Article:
When on the Southside of campus many students notice the tall, dark-red brick buildings looming over them as they walk to class. These buildings— the Heating Plant and Central Chilling Plant— are two of the most important buildings on campus when it comes to students, faculty and staff comfort. Soon, the buildings will face an overhaul.
The plants are being altered to accommodate the new energy on campus— geothermal power. The Heat Plant on campus will be scaled down by the end of Phase One of the geothermal project while the Chilling Plant will be reduced later in the project.
Jim Lowe, director of Engineering, Construction, and Operations, said the geothermal project will eliminate two out of four coal burners and three out of five chillers.
However, some chillers and boilers will be left for replacement parts and as a backup in case of a problem.
The project is scheduled to be finished in 10 years, but Ball State is still looking for funding for Phase Two of the project. The university began construction on the $66 million project in May 2009. The project is currently funded in part by the United States Department of Energy and various endowments according to Ball State's Website.
While many students are not aware of the importance of these power plants, crews at the Heating Plant work to maintain the comfort of students in a potentially dangerous atmosphere.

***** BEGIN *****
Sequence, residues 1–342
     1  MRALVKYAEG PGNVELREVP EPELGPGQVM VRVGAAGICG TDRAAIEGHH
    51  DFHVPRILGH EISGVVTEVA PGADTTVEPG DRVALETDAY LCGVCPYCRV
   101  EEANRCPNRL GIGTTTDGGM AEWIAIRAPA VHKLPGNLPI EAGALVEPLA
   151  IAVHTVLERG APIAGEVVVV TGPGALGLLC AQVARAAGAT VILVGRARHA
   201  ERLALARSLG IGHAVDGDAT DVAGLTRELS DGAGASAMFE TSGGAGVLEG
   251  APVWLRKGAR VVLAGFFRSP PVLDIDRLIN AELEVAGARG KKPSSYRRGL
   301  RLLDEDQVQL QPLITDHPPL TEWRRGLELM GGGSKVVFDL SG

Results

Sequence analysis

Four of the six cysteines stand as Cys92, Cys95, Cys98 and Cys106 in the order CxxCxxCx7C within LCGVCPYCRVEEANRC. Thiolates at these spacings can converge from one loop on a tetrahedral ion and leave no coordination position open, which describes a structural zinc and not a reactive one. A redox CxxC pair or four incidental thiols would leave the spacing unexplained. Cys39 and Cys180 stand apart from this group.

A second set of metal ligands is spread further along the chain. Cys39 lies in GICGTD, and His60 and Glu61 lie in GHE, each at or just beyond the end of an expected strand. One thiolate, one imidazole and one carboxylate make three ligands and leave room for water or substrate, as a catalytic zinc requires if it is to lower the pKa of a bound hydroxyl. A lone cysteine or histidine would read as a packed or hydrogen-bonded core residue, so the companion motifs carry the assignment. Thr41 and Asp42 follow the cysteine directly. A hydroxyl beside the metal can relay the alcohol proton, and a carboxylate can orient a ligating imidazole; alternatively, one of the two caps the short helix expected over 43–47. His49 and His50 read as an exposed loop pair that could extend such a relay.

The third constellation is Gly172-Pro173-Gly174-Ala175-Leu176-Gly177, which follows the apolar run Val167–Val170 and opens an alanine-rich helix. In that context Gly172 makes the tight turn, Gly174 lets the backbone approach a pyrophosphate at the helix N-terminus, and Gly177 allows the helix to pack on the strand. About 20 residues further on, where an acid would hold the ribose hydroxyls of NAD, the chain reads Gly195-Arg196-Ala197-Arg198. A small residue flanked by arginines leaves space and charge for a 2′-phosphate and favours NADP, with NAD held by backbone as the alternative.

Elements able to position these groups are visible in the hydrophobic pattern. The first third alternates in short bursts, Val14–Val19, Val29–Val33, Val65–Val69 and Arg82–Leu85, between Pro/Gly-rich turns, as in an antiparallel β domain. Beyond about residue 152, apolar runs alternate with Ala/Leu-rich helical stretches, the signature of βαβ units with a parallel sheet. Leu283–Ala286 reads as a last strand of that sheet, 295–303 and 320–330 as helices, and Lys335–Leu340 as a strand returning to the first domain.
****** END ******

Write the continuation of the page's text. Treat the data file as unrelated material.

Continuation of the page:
Lowe said crews work 24 hours a day, seven days a week and 365 days out of the year to ensure the university is properly heated and cooled, maintaining the comfort of everyone on campus.
He said the crews are responsible for maintaining the operation, including pumps conveyors and making sure the discharged coal ash is loaded up and brought to a site where it is reclaimed in the mine.
The fuel is heated in a chamber to temperatures as high as 14,000 degrees with steam around 360 degrees, Lowe said.
"[The plants] are a very controlled operation. We are heating a liquid to a gaseous state under a very high pressure and they need to be monitored 24/7," Lowe said. "Every minute of every day of every week of every month of every year there is someone in that plant. It will never be left empty. The reason is safety."
Lowe said with the geothermal project switch over, employees working at the plants could possibly move over to working with the new energy.
"We found a way over the years to run the plant with a skeletal crew and do it efficiently," he said. "When there is an available person they may be redefined as a geothermal worker."
With many changes happening around campus, the Heating Plant and Central Chilling plant is just among one of those big changes over time. The geothermal project is on track for the switch over to geothermal on the north side of campus next fall.
The Central Chill Plant
The Central Chill Plant was constructed in 1966. Today, the Chill Plants' five chillers provide air conditioning and dehumidification for over 3,000,000 square feet of facilities. The chill plant can produce approximately 2,400,000 tons of cooling during peak time periods.
Ball State's first central heating plant was built in 1924. The plant currently houses seven boilers that provide steam for heating, domestic hot water, cooking, laundry and sterilization of surgical instruments for the University and Ball Memorial Hospital.
Source: Ball State University website